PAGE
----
Thank you for your comments. A decision on when to launch will always involve some sort of technology forecast over the projected travel time. You obviously wouldn't launch on a 100 year journey if waiting 10 more years would reduce that to 50. At some point you reach diminishing returns and decide it's time to go. The Starship Culture seeks to establish a climate where humanity is asking the questions, setting priorities and solving the problems to get us to the launch point. The Starship Culture isn't focused on any particular solution but will obviously seek out the best solution permitted by the laws of physics.


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Joe Fisher wrote on May. 5, 2014 @ 16:06 GMT
Dear Dr. Hartley,

Your hyper-imaginative essay was one of the most entertaining essays so far published at this site. I do hope you do not mind me expressing a minor quibble.

Based on my observation, I have concluded that all of the stars, all of the planets, all of the asteroids, all of the comets, all of the meteors, all of the specks of astral dust and all real things have one and only one thing in common. Each real thing has a material surface and an attached material sub-surface. A surface can be interior or exterior. All material surfaces must travel at a constant speed. All material sub-surfaces must travel at an inconsistent speed that has to be less than the constant speed the surface travels at.

If your abstract starship ever got a real surface, it would still only be able to travel at the constant speed that every other surface is already traveling at.

With regards,

Joe Fisher

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George Gantz wrote on May. 8, 2014 @ 00:30 GMT
John - I like the simple concept of starting a Starship Culture "movement". Coincidentally, I just returned from a vacation to Italy. Walking through the many fortified hilltop towns (all built by hand - some dating back 3,000 years) I was struck by the fact that these enterprises represented shared goals spanning across generations - with sufficient incentives to motivate the backbreaking and tedious physical labor that was involved. The motivator in that case was survive against marauding invaders (and perhaps beasts). How might we identify and communicate that level of incentivization for the Starship Culture?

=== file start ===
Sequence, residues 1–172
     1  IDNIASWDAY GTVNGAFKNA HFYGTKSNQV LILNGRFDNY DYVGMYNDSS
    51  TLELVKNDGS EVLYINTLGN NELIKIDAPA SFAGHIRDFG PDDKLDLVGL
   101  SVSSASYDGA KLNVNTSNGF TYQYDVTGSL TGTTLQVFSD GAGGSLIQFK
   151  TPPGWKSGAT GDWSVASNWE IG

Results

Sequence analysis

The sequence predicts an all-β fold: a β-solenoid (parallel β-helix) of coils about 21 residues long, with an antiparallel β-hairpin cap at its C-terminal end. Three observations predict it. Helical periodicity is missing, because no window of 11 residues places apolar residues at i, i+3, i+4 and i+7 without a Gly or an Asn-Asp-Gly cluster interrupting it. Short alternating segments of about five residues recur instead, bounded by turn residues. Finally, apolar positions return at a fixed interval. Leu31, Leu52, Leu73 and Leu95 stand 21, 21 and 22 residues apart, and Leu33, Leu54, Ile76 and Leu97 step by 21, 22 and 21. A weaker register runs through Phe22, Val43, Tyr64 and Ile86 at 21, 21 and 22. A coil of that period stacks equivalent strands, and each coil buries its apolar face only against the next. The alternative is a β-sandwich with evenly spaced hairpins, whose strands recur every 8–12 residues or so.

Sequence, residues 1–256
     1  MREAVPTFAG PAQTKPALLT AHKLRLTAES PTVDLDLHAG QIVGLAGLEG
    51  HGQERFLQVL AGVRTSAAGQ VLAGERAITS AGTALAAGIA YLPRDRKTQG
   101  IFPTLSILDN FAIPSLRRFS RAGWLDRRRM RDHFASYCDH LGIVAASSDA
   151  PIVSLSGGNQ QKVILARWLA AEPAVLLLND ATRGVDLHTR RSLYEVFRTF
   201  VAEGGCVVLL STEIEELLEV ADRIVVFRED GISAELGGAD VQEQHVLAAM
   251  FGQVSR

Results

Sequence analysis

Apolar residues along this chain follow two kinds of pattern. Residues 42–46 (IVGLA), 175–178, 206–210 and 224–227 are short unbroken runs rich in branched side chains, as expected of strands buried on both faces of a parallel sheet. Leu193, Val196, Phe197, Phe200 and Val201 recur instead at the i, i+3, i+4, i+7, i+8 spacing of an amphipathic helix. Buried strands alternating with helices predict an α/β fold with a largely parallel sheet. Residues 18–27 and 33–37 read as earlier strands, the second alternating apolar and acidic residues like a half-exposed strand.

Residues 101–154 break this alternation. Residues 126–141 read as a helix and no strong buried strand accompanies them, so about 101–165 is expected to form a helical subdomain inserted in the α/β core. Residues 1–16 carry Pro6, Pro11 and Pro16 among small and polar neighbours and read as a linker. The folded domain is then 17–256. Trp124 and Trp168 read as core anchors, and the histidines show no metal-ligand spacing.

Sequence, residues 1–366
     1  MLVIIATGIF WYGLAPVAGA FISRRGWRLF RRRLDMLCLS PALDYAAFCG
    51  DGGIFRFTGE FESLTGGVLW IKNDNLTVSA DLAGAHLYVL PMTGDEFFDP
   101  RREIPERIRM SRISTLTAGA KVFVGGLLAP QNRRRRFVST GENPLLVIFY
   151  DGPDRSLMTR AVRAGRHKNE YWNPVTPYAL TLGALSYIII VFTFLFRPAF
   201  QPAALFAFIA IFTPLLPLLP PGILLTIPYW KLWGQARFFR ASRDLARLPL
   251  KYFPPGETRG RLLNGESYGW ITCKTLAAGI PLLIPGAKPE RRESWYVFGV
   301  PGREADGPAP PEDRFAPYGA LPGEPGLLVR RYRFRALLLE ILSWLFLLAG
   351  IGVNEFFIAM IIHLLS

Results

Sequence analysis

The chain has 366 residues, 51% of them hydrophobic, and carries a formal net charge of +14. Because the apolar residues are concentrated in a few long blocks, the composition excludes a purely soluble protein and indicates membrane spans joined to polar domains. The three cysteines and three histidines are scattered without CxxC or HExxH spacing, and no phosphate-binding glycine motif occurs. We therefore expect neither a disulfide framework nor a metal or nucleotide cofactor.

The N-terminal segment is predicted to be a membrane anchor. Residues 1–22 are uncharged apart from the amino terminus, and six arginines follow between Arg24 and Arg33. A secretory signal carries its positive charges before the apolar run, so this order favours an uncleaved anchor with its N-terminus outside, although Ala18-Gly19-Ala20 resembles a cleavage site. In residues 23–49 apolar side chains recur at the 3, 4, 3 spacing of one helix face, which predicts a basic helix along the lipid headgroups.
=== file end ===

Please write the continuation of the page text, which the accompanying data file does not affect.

Notably, every one of the towns had at least one (and sometimes several) remarkable cathedrals - again representing incredible commitment of labor, resources and creative/artistic passion spanning the generations. Beyond mere survival, the motivation here is more complex - participating in something greater than oneself, something that extends to infinity and to the hopes of a better life (in this case, the afterlife). Where do we look now to find that kind of model for Starship Culture?

Thanks - George Gantz (author: The Tip of the Spear)

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Michael muteru wrote on May. 16, 2014 @ 14:08 GMT
Dr hartleby

A very imaginative in a milion.We should come to the reality that our planet is a spaceship,whose immense capabilities we ignore as i put in the essay LIVING IN THE SHADOWS OF THE SUN: REALITIES, PERILS ESCAPADES MAN, PLANET AND KARDASHEV SCALE.MAKING THE GREAT TRANSITION by Michael muteru here, rate/review.Thanks All the best

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Peter Jackson wrote on May. 26, 2014 @ 15:33 GMT

Great essay, a pleasant and inspiring read. Underrated, but a little less so in a moment. Thank you and well done.

However I feel Oscar Wilde may well have referred the the theoretical 'rut' as much as the 'gutter' we're in. If we're ever to escape Earth I've suggested we need to escape Earth-bound thinking. I hope you'll like my own essay showing the way to achieve that and your own vision; convergence of disparate and incoherent physics.

Best wishes.


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James Lee Hoover wrote on May. 27, 2014 @ 20:13 GMT

You have an idea, a rather complete plan, and a catchy phrase to hang on it -- Starship Culture. These are ingredients for success in our culture.

I like your germ of starship development and then the culture to sustain it, while you pose the difficulties of sustained space travel. Your cheerleading for the idea at the end is also the championing we need, much like Kennedy's pledge to get us to the Moon.

High marks for your plan and your challenge to get us in the right direction.

My essay speaks of "Looking beyond" scientific orthodoxy and "within" the mind, which Einstein compares to the universe. I call it the neural universe.


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Janko Kokosar wrote on May. 29, 2014 @ 17:10 GMT
Dear Mr John Hartley

Earth is overpopulated and in the course of time we should go also to the universe. The problem is that our population growth so fast that it is a question if the migration into the space will happen fast enough.

Preparation for space migration demands also preparation for space problems also on earth. For instance, it can be built up one self-sustained building...